ThetaTheta in Options Trading: The term theta for options trading refers to the rate of decline in the value of an option due to the passage of time. It can also be referred to as the time decay of an option. This means an option loses value as time moves closer to its maturity.  Of course, this assumes that everything else is held constant. Theta is generally expressed as a negative number.  It can be thought of as the amount by which an option’s value declines every day. Theta is useful in assessing an option’s value in relation to the time until expiration. The metric can be thought of as the rate of decline in the value of an option as time passes. Theta can help to assess how much the underlying asset must change in value to offset the value lost to time decay.

To summarize, theta refers to the rate of decline in the value of an option over time. If all other variables are constant, an option will lose value as time draws closer to its maturity. Theta is usually expressed as a negative number.  It indicates how much the option’s value will decline every day up to maturity.

Theta in Options Trading – A Deeper Look

As part of the group of measures known as the Greeks, theta is used in options pricing. Options give the buyer the right to buy or sell an underlying asset at the strike price before the option expires. The strike price is also called an exercise price and is set when the contract is first written.  It informs the investor of the price at which the underlying asset must reach before the option can be exercised. The measure of theta quantifies the risk that time poses to option buyers.  This is because options can only be exercised for a certain period of time. The concept is known as time decay or the erosion of the value of an option as time passes. As a result, an option’s profitability decreases as time goes on.

What happens when two options are similar but one expires over a longer period of time? The value of the longer-term option is higher.  This is because there is a greater chance or more time that the option could move beyond the strike price.

Theta represents the risk of time and the loss of value of an option.  Therefore, it is always expressed as a negative figure. The value of the option diminishes as time passes until the expiration date. Since theta is always negative for long options, there will always be a zero time value when the option expires. This is why theta is a good thing for sellers but not for buyers.  Value decreases from the buyer’s side as time goes by, but increases for the seller. That’s why selling an option is also known as a positive theta trade.  As theta accelerates, the seller’s earnings on their options increase.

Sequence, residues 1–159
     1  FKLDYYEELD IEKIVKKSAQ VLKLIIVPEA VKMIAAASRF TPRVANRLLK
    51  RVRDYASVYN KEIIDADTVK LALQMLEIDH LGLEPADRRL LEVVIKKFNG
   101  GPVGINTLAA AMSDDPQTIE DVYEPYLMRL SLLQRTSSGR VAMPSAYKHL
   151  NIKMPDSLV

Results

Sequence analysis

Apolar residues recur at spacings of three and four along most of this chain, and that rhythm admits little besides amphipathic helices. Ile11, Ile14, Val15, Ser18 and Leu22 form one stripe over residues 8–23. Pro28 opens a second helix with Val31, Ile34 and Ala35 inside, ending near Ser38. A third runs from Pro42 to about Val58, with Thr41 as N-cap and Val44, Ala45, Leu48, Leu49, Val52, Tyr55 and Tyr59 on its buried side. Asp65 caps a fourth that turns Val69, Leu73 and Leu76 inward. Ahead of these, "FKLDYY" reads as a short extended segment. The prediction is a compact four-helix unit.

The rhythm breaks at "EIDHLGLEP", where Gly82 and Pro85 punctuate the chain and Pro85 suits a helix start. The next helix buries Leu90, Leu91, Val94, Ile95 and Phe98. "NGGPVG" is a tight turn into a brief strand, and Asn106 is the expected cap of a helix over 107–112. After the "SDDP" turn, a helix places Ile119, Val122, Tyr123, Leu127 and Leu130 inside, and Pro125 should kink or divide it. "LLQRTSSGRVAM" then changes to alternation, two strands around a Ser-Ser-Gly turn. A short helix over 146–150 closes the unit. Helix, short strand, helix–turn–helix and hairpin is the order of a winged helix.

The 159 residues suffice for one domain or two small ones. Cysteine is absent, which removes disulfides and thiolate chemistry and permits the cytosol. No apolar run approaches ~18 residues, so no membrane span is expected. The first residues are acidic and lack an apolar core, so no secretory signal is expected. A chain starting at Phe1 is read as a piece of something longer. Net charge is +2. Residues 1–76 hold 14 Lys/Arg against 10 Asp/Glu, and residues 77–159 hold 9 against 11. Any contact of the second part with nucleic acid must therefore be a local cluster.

(Source: investopedia.com)

What is Theta in Options Trading Used for?

As stated above, theta is used to gauge the sensitivity of the option value to time. It can be used to see how much value an option loses on a daily basis.  Also, how much the underlying asset will need to change to offset the loss in according to theta. The measurement is not used by traders as often as other measures such as delta. However, buyers may still want to know what to expect in terms of time changes to an option. Option writers who take a short position may consider theta since they will benefit from the time decay.

Theta or time decay is not linear. The theoretical rate of decay will tend to increase as time to expiration decreases. Thus, the amount of decay indicated by Theta tends to be gradual at first and accelerates as expiration approaches. Upon expiration, an option has no time value and trades only for intrinsic value, if any. Pricing models take into account weekends, so options will tend to decay seven days over the course of five trading days. However, there is no industry-wide method for decaying options so different models show the impact of time decay differently. If a pricing model is decaying options too quickly, current markets may look too high when compared to the model’s theoretical values, and if the model is displaying the decay as too slow, the current markets may look too cheap compared to your model’s theoretical values.

(Source: optionseducation.org)

How Theta in Options Is Calculated

Theta is represented in an actual dollar or premium amount and may be calculated on a daily or weekly basis. It’s important to keep in mind that it’s not a hard and fast measure of an option’s value.  It’s all theoretical. Theta assumes that price movements and volatility are ongoing.  Therefore, the rate of time decay for an option isn’t necessarily the same from one day to the next.

(Source: ally.com)

How to Interpret Theta

To understand theta, it is important to first understand the difference between the intrinsic and extrinsic value of an option. Together, the extrinsic and intrinsic values make up the total value or premium of an option. The intrinsic value only measures the profit of the option based on the strike price and market price. One way to think about the intrinsic value is that if the option were to expire today, the premium consists only of this intrinsic value (strike price – market price). The extrinsic value, on the other hand, measures the part of the premium not defined by the intrinsic value. The extrinsic value is the value of being able to hold the option and the opportunity for the option to gain value as the underlying asset moves in price. The closer an option is to expiration, the smaller the extrinsic value becomes.

Theta time decay

We now know that the further away from expiration the option is, the higher the extrinsic value. The closer to expiration the option is, the smaller the extrinsic value. At the expiration date, the extrinsic value is zero, and the entire premium consists of the intrinsic value assuming the option is in the money. Theta is a sensitivity measure that determines the decline in this extrinsic value of the option over time. The calculation of theta is expressed as a yearly value; however, the figure is often divided by the number of days in a year to arrive at a daily rate. The daily rate is the amount the value will drop by.